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   Chapter 27 Training the Walker Cassie Wilson Book 2

Training the Walker: Cassie Wilson Book 2 By Valerie Gaumont Characters: 25209

Updated: 2018-03-14 11:14

Chapter 27

Cassie sat up in bed wide awake, her normal morning fuzziness missing completely. This was not a morning for a slow stretching and rising. She looked at her hand and for a second it glowed in the still night dark room. The glow faded and Cassie tried to tell herself she was imagining it. She blinked and the glow was gone. Her alarm clock still buzzed insistently. Cassie turned it off and slid out of bed. She moved directly to the shower, skipping her normal workout routine. Today, Herman had the morning off.

She showered and worries about what was about to happen mingled with questions about her dreams.

"I never dream, " Cassie said. "At least not that I remember." All of the elements seemed plausible and she was willing to admit that she could see where in her life they came from, but the dream felt like so much more that it was hard to dismiss completely.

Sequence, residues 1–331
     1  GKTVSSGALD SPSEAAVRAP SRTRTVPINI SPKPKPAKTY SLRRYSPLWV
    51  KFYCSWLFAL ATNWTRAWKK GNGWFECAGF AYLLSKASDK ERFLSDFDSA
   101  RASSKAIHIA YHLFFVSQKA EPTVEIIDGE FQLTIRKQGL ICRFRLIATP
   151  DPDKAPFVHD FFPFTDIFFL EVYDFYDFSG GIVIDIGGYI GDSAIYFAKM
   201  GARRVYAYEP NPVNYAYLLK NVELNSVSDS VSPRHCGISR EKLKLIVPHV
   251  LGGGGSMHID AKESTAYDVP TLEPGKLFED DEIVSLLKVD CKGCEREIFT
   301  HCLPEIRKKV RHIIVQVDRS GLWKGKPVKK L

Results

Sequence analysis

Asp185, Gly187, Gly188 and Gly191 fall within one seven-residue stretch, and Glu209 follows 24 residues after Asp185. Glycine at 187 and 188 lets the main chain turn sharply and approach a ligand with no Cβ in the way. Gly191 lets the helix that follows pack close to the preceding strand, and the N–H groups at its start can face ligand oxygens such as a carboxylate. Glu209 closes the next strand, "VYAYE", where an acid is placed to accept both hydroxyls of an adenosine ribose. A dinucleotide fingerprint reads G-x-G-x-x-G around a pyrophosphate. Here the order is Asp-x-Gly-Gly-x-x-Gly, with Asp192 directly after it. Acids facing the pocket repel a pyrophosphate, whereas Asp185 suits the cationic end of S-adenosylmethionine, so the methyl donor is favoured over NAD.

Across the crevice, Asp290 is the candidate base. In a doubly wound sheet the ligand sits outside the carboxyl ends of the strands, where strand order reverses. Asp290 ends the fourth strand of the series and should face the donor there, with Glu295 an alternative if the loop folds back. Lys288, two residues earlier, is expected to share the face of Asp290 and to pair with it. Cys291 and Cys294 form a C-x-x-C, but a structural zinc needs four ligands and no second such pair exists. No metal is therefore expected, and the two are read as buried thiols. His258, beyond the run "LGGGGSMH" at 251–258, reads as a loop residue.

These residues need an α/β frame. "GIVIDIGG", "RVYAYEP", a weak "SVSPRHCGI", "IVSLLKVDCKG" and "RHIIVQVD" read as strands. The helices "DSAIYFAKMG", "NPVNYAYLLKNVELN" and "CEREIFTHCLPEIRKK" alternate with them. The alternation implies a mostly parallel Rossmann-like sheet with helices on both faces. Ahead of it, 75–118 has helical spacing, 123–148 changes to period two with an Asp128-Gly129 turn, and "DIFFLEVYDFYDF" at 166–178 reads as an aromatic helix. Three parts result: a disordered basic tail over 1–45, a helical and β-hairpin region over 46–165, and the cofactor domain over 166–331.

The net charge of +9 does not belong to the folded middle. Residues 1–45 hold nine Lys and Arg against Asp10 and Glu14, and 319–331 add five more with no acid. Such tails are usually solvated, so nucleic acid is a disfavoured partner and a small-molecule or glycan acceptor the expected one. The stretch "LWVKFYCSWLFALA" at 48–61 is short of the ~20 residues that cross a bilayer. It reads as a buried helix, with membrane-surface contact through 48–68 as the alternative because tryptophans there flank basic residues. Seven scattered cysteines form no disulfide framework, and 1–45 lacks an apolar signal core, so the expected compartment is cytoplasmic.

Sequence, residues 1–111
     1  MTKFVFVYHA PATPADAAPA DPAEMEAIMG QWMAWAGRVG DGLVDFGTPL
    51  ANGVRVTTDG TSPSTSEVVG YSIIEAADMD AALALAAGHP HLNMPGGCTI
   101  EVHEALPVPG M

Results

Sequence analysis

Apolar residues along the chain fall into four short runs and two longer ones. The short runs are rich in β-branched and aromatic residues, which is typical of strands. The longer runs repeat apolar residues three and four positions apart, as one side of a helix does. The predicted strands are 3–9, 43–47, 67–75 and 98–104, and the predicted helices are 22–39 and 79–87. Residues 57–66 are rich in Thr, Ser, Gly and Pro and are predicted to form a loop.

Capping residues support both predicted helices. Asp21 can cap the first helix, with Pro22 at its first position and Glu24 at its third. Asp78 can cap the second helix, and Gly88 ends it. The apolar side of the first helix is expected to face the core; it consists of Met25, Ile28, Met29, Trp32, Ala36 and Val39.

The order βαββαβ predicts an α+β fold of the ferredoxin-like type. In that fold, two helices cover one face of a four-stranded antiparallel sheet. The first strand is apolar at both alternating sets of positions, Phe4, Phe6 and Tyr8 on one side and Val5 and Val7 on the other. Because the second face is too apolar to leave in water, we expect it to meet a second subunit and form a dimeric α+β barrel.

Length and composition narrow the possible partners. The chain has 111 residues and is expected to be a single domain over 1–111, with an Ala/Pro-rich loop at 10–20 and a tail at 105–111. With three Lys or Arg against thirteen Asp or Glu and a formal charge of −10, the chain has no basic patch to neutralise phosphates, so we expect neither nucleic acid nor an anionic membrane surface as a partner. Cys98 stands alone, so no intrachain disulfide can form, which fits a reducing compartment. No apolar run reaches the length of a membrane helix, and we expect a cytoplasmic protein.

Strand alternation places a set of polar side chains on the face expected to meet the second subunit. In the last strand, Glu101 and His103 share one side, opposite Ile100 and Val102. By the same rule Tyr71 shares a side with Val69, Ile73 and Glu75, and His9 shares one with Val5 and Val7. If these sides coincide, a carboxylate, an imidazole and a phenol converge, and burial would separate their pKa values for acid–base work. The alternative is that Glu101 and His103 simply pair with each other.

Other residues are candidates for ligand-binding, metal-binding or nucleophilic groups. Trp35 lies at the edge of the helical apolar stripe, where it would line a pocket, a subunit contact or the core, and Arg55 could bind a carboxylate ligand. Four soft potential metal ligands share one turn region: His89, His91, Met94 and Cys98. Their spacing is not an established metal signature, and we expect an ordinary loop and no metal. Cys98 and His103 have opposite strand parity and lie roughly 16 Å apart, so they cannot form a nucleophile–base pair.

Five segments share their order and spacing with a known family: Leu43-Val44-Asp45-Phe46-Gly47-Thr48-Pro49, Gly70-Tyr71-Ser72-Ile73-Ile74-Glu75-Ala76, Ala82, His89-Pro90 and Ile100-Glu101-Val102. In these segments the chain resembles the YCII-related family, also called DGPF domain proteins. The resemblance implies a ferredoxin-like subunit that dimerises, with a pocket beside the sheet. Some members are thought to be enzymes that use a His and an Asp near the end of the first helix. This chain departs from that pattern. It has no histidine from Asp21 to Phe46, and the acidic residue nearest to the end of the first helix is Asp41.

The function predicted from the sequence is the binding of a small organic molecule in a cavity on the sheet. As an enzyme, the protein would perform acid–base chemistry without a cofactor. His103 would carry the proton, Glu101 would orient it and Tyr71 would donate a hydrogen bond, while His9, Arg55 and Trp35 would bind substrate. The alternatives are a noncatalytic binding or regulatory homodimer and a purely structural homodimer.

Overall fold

"And then there was the glowing, " Cassie shut off the water and reached for the towel. She studied her hand a moment. It looked as it always did. She looked at her palms. There were no golden symbols evident on either of them. She toweled off, wrapped the towel around her and stepped out of the shower. She then dried her hair and stepped out of the bathroom, moving to the closet.

Her grandfather said that today would feature a ceremony followed by a celebration. She looked to the section of the closet featuring the fancier clothes she owned. "He also called the thing on the other side of the gate a ceremony, " she reminded herself. She looked at the shelf of folded jeans. She decided comfortable clothes she that would keep her warm and allow her to run if need be were a better option.

"I can always put a nice shirt under the heavy wool sweater and if I need to look nice, then I can take it off with my coat." Cassie dressed quickly and when it came to shoes she looked over her selection. Nothing was going to make her sneakers look fancy, but she wasn't going to wear heels when she might need to run. She looked back to her sneakers. Her morning running practice, archery, and outdoor excursions with Oliver left them anything but pristine. She did have one pair of ankle boots with a short chunky heel she thought she might be able to move fast in if it came down to it. "And the leather is nice."